Unfortunately, s12 of the PFA, in its entirety, does not deal with members' vested and accrued rights to retirement benefits and whether rules can be amended to strip members or former members of their rights to these benefits or, most importantly, be applied to reduce their accrued benefits. Until Mudau, some of us thought that the issue of retrospective application of rule amendments on accrued retirement benefits was settled, particularly having regard to s12(2)(c) of the Interpretation Act. This provision expressly provides that '[w]here a law repeals any other law, then unless the contrary intention appears, the repeal shall not affect any right, privilege, obligation or liability acquired, accrued or incurred under any law so repealed'. In other words, the amendment of rules through the PFA should not affect accrued or acquired rights. This seems to suggest that while boards are legislatively empowered to amend their retirement fund's rules, they are not entitled to implement amendments that have the effect of either stripping members of their rights to accrued benefits or reducing such benefits, even if such amendments are meant to apply retrospectively. To the extent that the intention appears to be to subject accrued benefits to retrospective rule amendments, the question becomes whether retrospective amendments can be implemented before the amended rules are approved and registered by the Authority? As will be demonstrated, the SCA has previously answered this question in the negative, an approach that has been effective, and was incorrectly overturned by the judge who presided over Mudau.

Judicial and quasi-judicial approaches

The Adjudicator has been quite consistent that retrospective rule amendments do not apply to members whose claims against their retirement funds arose before such rule amendments were approved and registered by the authority (Hobe v Municipal Employees Pension Fund and others [2015] 1 BPLR 18 (PFA) para 5.8; Nortje v Joint Municipal Pension Fund [2007] 3 BPLR 352 (PFA) par 35; and Maree v Joint Municipal Pension Fund and Another [2005] 4 BPLR 319 (PFA) para 30).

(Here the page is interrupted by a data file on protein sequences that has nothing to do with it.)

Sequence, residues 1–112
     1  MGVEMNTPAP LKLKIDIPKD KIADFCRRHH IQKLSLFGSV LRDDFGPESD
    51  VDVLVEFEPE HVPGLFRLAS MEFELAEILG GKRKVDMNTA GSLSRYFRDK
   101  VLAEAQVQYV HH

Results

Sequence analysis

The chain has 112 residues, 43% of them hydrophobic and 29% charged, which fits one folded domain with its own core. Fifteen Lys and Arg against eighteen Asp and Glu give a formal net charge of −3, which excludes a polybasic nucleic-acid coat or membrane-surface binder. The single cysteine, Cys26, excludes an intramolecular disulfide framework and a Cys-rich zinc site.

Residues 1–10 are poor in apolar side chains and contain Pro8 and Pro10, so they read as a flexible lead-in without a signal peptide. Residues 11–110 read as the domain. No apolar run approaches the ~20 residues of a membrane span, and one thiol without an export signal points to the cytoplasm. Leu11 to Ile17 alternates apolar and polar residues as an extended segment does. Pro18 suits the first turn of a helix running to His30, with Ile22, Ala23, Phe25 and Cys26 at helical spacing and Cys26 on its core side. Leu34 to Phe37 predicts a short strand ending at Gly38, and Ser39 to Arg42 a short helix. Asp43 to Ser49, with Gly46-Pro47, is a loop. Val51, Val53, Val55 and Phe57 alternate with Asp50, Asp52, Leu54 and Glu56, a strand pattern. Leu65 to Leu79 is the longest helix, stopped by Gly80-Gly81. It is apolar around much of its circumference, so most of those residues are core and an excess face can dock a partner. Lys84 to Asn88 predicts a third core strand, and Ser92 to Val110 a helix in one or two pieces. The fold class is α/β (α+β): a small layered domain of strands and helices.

In Schenk v Tibbett & Britten SA Pension Fund [2010] JOL 25616 (PFA) para 30, the Adjudicator specifically stated that while rule amendments can apply with retrospective effect, '[h]owever, the retrospective application of the rule cannot take away rights that have already vested …'. The essence of the Adjudicator's approach is that retirement fund members should be paid all their retirement benefits which they became entitled to claim before the contemplated rule amendments were approved and registered by the Authority. In other words, retirement funds should not enforce rules which have not yet attained legal title against members who have vested rights to their full accrued retirement benefits.

In dismissing the fund's application to set aside the adjudicator's determination in Municipal Employees' Pension Fund and Another v Mudau and Another (61555/14) [2017] ZAGPPHC 157 (29 March 2017) para 46, Ralunga J endorsed the Adjudicator's approach and reiterated that retirement fund members cannot be deprived of benefits that had already accrued by the time the rule amendment was approved and registered. Unhappy with the court a quo's order, the fund appealed to the full bench. The majority of the full bench in Municipal Employees' Pension Fund and Another v Mudau (A540/2017) [2020] ZAGPPHC 538 (22 June 2020) did not find any fault with the court a quo's reasoning and conclusion. The majority correctly endorsed the view that for the date determined by the board to be regarded as the effective date of the amendment and to be binding on the members, the amendment must first be approved and registered by the Authority. In line with established precedent, this entails that until the authority has approved and registered the rule amendment, the contemplated amendment cannot be implemented against retirement fund members in respect of accrued retirement benefits. The minority, without engagement on the significance of amendment approval and registration, merely accepted that rule amendments take effect from the date determined by retirement funds (para 19).

In Mostert NO v Old Mutual Life Assurance Co (SA) Ltd (2) [2001] 4 All SA 250 (A) para 69 (Mostert), the SCA held that 'amendments to the rules do not take effect until they are registered …'. Thus, if the member's benefits have accrued and the fund subsequently applies to the authority to amend a rule, retirement funds cannot proceed to enforce rules that are not yet approved and registered against members in relation to their accrued benefits, or even delay payment to wait for the Authority to approve and register the rule; to do so would be unfair. In Mostert, the SCA further held that '… there is simply no basis in law for subjugating the provisions of the Act and regulations to such a practice. It is one thing to give amended rules retrospective effect after registration; it is something entirely different to seek to give them binding effect before registration'. The law as we knew it before Mudau was very clear: before approval and registration, retirement funds could not implement new rules with which they sought to replace old rules to strip their members of their rights to accrued benefits, or even reduce such benefits.